Canopy elements participate in the capture, retention, and diversion of materials at the ecosystem level. Early studies of single canopies documented movements of materials transported in organic matter or dissolved form in rain-, soil-, and stream-water within the canopy (Carroll 1980). Later, landscape- and ecosystem-level studies showed that canopy components affect the circulation and storage of macronutrients, which is critical for gaseous fixation and wet and dry deposition (Coxson and Nadkarni 1995). Early ecosystem studies of canopies deduced processes and behavior of parts using observations of the differences between material and energy inputs to and outputs from canopies (Johnson and Lindberg 1992). It was not until experiments were made on canopy tissue samples that the mechanisms (e.g., gaseous absorption) and true rates of exchange could be measured (Morisette et al. 2009).

4.2 Dynamics of canopy research

The canopy research community has progressed from largely personal connections to networked interactions. Studies are increasingly becoming collaborative and comparative. The rapid rise in the rate of publications in 1990–1991 can be explained in several ways. It may simply be that authors used the word “canopy” more frequently than they did before, even though they had been working on canopies and used the words “treetop” or “arboreal,” which would not have been captured in our search.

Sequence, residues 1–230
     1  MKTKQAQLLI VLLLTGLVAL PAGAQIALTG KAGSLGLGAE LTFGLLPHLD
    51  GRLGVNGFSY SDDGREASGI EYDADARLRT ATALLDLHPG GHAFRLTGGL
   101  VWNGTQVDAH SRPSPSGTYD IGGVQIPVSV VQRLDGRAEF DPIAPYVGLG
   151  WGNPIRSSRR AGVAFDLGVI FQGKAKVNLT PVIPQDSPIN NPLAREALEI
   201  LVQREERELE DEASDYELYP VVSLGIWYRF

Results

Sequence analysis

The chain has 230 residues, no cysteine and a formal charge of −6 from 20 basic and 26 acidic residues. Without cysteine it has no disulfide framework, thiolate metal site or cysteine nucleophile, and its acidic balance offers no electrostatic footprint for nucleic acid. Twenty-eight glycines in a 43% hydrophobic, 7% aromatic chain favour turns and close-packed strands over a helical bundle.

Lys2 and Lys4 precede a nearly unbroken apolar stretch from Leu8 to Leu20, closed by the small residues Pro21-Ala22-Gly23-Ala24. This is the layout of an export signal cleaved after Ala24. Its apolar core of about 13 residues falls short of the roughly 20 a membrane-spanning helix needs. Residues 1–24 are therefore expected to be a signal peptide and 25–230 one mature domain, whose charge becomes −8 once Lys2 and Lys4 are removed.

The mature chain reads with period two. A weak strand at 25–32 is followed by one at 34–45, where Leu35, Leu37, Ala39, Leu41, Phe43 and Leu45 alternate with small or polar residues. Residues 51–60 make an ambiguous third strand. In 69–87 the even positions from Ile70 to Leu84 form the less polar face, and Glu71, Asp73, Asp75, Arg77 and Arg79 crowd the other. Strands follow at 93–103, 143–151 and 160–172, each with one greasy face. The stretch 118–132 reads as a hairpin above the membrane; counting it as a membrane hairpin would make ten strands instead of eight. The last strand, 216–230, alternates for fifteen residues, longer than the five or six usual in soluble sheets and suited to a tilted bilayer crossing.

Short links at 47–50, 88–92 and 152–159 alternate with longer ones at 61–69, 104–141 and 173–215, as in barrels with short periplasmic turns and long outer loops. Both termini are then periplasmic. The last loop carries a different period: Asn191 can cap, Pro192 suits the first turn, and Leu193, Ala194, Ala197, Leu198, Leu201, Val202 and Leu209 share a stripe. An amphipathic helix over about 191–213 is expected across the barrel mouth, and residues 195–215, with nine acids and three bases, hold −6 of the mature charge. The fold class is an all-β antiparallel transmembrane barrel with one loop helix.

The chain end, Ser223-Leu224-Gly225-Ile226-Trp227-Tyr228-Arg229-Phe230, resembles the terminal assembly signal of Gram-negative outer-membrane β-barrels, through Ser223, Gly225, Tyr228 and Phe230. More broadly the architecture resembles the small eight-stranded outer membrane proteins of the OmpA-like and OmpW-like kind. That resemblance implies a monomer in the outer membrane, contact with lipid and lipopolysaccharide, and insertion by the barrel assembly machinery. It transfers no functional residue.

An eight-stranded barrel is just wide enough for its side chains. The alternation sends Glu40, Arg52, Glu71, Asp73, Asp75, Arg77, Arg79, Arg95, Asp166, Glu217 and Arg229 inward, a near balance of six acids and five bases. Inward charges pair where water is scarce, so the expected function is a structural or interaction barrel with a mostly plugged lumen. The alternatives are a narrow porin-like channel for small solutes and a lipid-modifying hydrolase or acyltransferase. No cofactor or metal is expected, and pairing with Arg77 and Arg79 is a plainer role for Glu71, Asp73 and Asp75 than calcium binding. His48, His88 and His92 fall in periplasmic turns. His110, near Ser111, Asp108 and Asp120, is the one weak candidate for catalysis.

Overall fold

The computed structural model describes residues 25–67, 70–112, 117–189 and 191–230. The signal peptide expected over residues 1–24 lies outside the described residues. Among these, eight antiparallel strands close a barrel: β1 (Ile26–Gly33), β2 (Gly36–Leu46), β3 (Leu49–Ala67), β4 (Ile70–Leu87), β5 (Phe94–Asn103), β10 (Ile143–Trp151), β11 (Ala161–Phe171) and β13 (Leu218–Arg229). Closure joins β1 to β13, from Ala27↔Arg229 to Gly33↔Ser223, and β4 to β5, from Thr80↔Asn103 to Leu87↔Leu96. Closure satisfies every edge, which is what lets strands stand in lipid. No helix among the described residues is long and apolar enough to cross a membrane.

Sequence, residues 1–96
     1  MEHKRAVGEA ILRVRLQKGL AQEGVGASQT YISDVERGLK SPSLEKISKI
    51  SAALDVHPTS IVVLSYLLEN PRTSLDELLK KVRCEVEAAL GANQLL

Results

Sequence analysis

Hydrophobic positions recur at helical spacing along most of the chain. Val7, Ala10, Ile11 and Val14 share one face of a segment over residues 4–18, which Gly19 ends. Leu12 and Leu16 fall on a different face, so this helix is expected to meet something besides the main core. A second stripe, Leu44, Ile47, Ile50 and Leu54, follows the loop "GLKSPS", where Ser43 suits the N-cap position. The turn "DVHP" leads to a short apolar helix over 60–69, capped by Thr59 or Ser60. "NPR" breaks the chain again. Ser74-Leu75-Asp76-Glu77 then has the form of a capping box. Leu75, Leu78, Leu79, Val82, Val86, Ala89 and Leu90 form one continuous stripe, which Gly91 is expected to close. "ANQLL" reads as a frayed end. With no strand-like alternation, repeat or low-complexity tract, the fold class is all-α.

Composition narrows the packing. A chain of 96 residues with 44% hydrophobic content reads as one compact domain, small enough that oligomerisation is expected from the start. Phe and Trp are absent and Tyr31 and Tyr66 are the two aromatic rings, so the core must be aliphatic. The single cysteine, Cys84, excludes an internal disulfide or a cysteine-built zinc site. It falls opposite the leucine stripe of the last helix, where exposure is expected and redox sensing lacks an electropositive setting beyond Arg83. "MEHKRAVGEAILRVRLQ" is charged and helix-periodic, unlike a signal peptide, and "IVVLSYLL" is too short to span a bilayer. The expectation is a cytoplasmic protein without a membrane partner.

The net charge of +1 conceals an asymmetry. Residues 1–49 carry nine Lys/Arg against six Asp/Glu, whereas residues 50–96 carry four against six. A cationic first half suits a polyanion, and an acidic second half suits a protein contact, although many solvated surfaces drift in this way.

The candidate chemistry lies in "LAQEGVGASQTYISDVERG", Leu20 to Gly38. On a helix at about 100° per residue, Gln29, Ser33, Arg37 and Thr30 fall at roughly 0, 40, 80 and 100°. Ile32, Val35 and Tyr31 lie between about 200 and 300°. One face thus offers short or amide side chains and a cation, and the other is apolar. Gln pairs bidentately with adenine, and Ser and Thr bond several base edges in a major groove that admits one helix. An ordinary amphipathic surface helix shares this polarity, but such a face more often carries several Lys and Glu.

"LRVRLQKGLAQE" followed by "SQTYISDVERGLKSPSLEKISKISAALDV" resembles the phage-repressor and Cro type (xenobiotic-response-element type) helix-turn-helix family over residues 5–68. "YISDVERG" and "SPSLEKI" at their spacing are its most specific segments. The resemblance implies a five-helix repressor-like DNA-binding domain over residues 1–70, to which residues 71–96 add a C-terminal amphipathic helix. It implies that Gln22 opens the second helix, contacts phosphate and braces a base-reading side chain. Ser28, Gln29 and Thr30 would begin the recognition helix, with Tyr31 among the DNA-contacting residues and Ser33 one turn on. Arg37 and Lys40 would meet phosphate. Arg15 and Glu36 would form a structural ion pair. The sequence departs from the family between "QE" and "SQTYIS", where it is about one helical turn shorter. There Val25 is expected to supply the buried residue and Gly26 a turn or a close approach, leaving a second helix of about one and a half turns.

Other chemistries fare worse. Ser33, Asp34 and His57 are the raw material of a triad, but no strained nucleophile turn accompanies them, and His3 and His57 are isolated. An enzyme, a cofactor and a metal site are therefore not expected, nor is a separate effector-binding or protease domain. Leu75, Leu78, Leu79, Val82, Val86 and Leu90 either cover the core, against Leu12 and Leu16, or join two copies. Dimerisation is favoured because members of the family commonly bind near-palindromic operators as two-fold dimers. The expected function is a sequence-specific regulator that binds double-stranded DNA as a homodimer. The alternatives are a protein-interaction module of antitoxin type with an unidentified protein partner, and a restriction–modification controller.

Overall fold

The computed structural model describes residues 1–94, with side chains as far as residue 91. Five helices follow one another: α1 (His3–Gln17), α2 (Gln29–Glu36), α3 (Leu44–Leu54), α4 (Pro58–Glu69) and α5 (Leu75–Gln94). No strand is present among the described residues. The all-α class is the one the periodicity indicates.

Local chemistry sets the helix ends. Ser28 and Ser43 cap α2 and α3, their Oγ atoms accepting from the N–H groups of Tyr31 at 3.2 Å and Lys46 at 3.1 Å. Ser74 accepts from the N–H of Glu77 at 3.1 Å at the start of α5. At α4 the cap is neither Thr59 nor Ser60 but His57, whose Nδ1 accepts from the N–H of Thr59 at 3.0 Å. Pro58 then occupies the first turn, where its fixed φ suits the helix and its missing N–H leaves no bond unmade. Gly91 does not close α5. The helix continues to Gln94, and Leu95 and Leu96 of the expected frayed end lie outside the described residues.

Another reason is the creation and fostering of communication and cooperation among canopy scientists. Progress in interconnecting canopy researchers is accelerating through the establishment of networks that promote regular, focused, and information-rich communication: the International Canopy Network ( was formed to enhance communication among canopy researchers (Nadkarni and Parker 1994). The Oxford-based Global Canopy Program ( provides scientifically sound information to policy makers. A loose network of canopy cranes exists ( Meetings, workshops, and symposia on canopy topics are now common.

4.3 Whither canopy studies?

The study of forest canopies is now at a crossroads. On one hand, it enjoys major attention because of the current global priorities of biodiversity, sustainability, and climate change. On the other hand, some of the basic constituents of mature sciences still do not exist: e.g., a dedicated scientific journal, internationally accessible graduate programs, and presence of canopy scientists in major advisory positions on scientific boards. One possible explanation for lack of these elements is that the canopy research lacks corporate sponsors (as compared to fisheries, marine ecology, or climate change, fields that have obvious champions in industry).